Top U.S. and Chinese officials will meet in Anchorage, Alaska next week, the State Department announced on Wednesday. The two days of talks will be the first in-person meeting between senior representatives of the two global powers since President Joe Biden took office in January.
While in Alaska, Secretary of State Antony Blinken and the president’s national security adviser Jake Sullivan will meet with Chinese foreign minister Wang Yi and Yang Jiechi, a member of the Politburo, the Chinese Communist Party’s top decision-making body.
In a written statement, State Department spokesman Ned Price announced the meeting planned for Thursday and Friday next week but did not elaborate on the issues that the group would discuss.
“The meeting will take place following Secretary Blinken’s meetings with two of our closest regional allies in Tokyo and Seoul. Secretary Blinken and NSA Sullivan will discuss a range of issues with the” People’s Republic of China, Price said. “Secretary Blinken will return to Washington, D.C. on March 19.”
Blinken’s trip to Tokyo and Seoul next week will be his first trip abroad as the United States’ chief diplomat.
Despite the vagueness from the department’s statement, it is worth noting that a senior administration official reportedly told The Wall Street Journal some of the issues that will be on the agenda.
“The goal will be to compare notes on what each of our hopes and plans are for domestic politics, what our goals are internationally, regionally and globally,” the official reportedly told the newspaper. Topics will include the pandemic, climate change, and issues of disagreement including China’s stance on Hong Kong and pressure on Taiwan, and the “undeclared economic embargoes” China has placed on Australia, the official said, according to The Journal.
U.S.-China relations became more tense under the Trump administration, which ramped up a trade war between two of the world’s foremost economic powerhouses and sought to bar Chinese technology companies like Huawei from doing business in the U.S. and to defend the theft of U.S. intellectual property.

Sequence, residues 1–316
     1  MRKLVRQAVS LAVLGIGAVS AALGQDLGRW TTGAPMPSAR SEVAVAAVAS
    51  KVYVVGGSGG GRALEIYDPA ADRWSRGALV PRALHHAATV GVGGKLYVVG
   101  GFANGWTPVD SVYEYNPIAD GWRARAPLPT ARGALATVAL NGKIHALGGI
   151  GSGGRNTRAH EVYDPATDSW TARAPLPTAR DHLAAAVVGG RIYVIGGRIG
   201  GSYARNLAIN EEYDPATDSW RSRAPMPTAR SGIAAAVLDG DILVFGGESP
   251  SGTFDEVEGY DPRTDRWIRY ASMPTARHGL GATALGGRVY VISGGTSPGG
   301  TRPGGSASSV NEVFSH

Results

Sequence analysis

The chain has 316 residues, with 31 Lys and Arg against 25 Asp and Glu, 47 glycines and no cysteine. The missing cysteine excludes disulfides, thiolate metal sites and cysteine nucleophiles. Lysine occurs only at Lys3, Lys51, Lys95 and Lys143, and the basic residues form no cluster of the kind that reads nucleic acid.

In February, Blinken and Yang talked over the phone for the first time and touched on a range of issues. While the Secretary of State underscored human rights and the ongoing military coup in Myanmar, his counterpart urged the U.S. to respect China’s sovereignty.
Also last month, during Biden’s first call with Chinese President Xi Jinping, the U.S. President expressed concerns regarding a slate of issues ranging from Hong Kong to China’s repression of Uighur Muslims, a White House readout after the call stated, per The Hill.
Former Secretary of State Mike Pompeo declared the authoritarian regime’s actions against the group a “genocide” on January 19, his last full day in the role, and this made the U.S. the first country to formally do so. Legislatures in Canada and the Netherlands followed suit. Moreover, Blinken has said he agrees with the genocide designation made by Pompeo.
“Of course, there’ll be a range of engagements that the President and his National Security team will have with China and other countries in the region in the months and years ahead, but we are directly engaged,” White House press secretary Jen Psaki told reporters Tuesday when asked about reports of a potential meeting, per The Hill.
“There are a range of issues we, of course, have talked with the Chinese about through those engagements. We don’t hold back about our concerns, but we also look for opportunities to work together,” Psaki added.